Seeking a safe home? Beware of bullying!

Fall flowers

When we buy a car, we read objective reports and compare prices, when we buy a house, we have a professional inspect to be sure it is safe and sound. But when we choose what may be our last home, if we do not use care, we may move into a terrible, unsafe situation and then find ourselves with no way out.

In this article by Edie Stephenson, she gives insights into her experiences in a multifamily residence for seniors, where she is a target and victim of bullying. And she outlines some steps to take to assure safety in a new home. Edie Stephenson is our person in Missouri, where she is carrying on an energetic campaign to protect herself from bullying and mobbing where she lives and to advocate for protective legislation. Her initiative and leadership are a guide to all of us.—Jerry


For those or your loved ones getting ready to downsize and move into a community setting of multi family, please take heed. Whether it is independent; assisted; full care or subsidized housing, I want you prepared to avoid the world of bullying.


It is an area the average senior; elderly, and handicapped or their families do not think about. You see, any bullying and abuse can be initiated and practiced by management; and/or management staff; and/or management's tenant friends and/or from other tenants.

Your experiences as a target and victim will take over your health and your life.

I did not check out the facility

It has been hell to pay. The experiences of bullying I noticed, started out seeming simply mean, petty and small, but they grew. So did the number of bullies. The bullies are considered a gang more or less running the development. They are allowed and protected to mob fellow tenants and to make our very lives miserable. I learned the site manager, with approval of the owner, had appointed “the seven”—fellow tenants to spy on the rest of us to keep her advised. You surely can imagine the fear and the stress this caused. The site manager also dishes out the bullying to those who her friends do not like.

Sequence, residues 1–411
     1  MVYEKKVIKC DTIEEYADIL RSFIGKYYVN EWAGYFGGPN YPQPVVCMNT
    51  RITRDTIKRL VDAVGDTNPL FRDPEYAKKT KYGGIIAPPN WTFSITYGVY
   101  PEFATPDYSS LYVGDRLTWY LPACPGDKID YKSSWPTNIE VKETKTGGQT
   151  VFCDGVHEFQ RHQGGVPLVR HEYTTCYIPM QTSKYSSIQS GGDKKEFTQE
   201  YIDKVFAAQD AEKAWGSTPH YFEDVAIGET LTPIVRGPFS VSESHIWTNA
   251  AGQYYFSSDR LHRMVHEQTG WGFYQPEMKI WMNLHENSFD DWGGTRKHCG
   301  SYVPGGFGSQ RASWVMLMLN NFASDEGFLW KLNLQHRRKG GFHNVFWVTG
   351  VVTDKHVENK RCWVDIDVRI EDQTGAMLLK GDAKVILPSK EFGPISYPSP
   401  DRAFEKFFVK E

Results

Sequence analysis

I was and continue to be one of the targets and victims.

No antibullying laws

Once you are in a setting of bullying, there will be no agency, no policeman, and no representative who will stop it or who will even help you. Attorneys will also refuse the case. I cannot even get a restraining order as bullying here is not illegal unless of course I am threatened or struck.

In Missouri what I and others in this horrid situation of bullying have experienced and seen, will never be corrected without antibullying laws. I am working on it with the help of Jerry and the Stop Bullying Coalition, but right now we have no legal protections. There is no protection for seniors, elderly and the handicapped in multifamily subsidized housing against bullying. This includes independent, assisted and full care in senior community living.

Here's how I should have checked before moving!

If there is inadequate or incompetent management along with weak and/or uncaring owners, you should probably move on. If management is not doing their job, the bullies can usually beat down any opposition. Ignoring the history can subject you or your loved one to a nightmare society you never dreamed existed.

The site manager could have a few years on the job for example and bunches of classes, but be assured, that does not guarantee competency, honesty, professionalism and fairness.

Talk to other tenants; go to the City; visit with Senior help groups; DHUD; check with the state’s Housing Development Commission as to if any complaints have been filed; check with your State Representative; Senator, the Governor; the Attorney General’s Office, etc.


.Your comment here,please